Among the tokens that are similar to DATE you can find SMARTTIME, SMARTDATE, which are tokens that display the date in a different way (like saying yesterday instead of saying the date yesterday)

The only token that does not enter into any of the categories discussed above is the SCORE token, which will show you the score of the message in the folder.

Generating the Index

When you open a folder, Alpine requests from the server the information that it needs in order to display the index. What this means is that Alpine requests about 20 envelopes from the server (which is about the number of messages that fit in a screen of 24 lines). Alpine caches this information, so that whenever needed again, this information is not requested to the server again, reducing traffic to the server.

Notice that Alpine needs to connect to the server to request this information, since it is not handed to Alpine when a folder is opened. Even if we needed to sort this folder, the sorting process of the folder will be done by the server, so envelopes will not be sent to Alpine by the server.

One of the reasons why this is done this way, is because otherwise, Alpine would be very slow. Not because the program itself would be slow, but because transferring the information from the server has a cost, and that cost is paid in speed, so in a way, one would like that the server did all the work, and Alpine only request information about the work done. That is why only a limited number of envelopes are requested, and later cached, as opposed to requesting all the envelopes.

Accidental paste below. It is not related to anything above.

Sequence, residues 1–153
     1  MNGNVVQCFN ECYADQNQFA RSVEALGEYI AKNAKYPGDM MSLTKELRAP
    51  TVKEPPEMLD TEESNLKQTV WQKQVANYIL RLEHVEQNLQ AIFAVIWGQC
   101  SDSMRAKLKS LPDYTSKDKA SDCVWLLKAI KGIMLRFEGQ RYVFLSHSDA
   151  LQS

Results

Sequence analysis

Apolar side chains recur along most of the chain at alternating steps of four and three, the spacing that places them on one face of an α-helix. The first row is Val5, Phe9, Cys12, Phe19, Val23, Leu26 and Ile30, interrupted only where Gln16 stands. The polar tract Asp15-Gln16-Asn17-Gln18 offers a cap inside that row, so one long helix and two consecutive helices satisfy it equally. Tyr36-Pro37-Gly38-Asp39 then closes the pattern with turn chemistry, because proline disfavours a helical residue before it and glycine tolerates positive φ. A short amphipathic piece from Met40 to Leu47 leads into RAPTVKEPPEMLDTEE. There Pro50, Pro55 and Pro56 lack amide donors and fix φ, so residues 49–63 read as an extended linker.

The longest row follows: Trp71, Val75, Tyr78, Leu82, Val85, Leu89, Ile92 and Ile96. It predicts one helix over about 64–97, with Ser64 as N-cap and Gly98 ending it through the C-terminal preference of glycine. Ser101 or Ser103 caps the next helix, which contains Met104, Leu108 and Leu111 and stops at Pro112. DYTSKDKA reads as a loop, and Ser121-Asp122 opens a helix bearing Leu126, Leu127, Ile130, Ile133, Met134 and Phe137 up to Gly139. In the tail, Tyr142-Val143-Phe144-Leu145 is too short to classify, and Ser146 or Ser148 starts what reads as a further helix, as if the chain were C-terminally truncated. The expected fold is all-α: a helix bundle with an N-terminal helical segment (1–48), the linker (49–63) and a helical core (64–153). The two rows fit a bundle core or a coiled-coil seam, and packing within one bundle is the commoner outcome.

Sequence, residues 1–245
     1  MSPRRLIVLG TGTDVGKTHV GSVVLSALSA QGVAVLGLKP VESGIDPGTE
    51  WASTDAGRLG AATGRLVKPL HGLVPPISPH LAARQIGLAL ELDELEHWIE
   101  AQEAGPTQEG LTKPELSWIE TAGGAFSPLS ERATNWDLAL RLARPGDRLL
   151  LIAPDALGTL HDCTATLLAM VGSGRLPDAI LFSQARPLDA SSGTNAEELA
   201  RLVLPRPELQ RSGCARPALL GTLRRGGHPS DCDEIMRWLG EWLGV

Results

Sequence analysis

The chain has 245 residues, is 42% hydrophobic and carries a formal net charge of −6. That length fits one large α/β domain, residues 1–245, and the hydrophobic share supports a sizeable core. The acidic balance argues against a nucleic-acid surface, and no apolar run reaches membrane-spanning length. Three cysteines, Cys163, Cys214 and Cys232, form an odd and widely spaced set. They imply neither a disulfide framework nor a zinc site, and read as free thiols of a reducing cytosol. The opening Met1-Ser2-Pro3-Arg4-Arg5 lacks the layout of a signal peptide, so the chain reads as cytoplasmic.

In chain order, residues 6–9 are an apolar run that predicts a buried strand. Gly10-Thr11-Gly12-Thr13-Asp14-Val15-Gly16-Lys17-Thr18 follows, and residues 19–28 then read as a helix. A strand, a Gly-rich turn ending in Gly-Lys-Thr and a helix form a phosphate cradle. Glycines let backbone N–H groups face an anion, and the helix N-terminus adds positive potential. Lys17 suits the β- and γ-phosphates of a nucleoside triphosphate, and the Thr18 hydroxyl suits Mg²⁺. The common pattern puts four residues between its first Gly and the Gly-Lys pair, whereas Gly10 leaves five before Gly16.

In order to increase speed, Alpine usually sends to the screen a line in the index as soon as the information is available. Sometimes this can be seen (because of traffic speed) and this causes that empty lines will be momentarily seen in the screen. This behavior annoys some people, and if this annoys you, you should manually add them to your .pinerc file. Just write under feature-list the following:

feature-list=quell-imap-envelope-update,
	quell-news-envelope-update,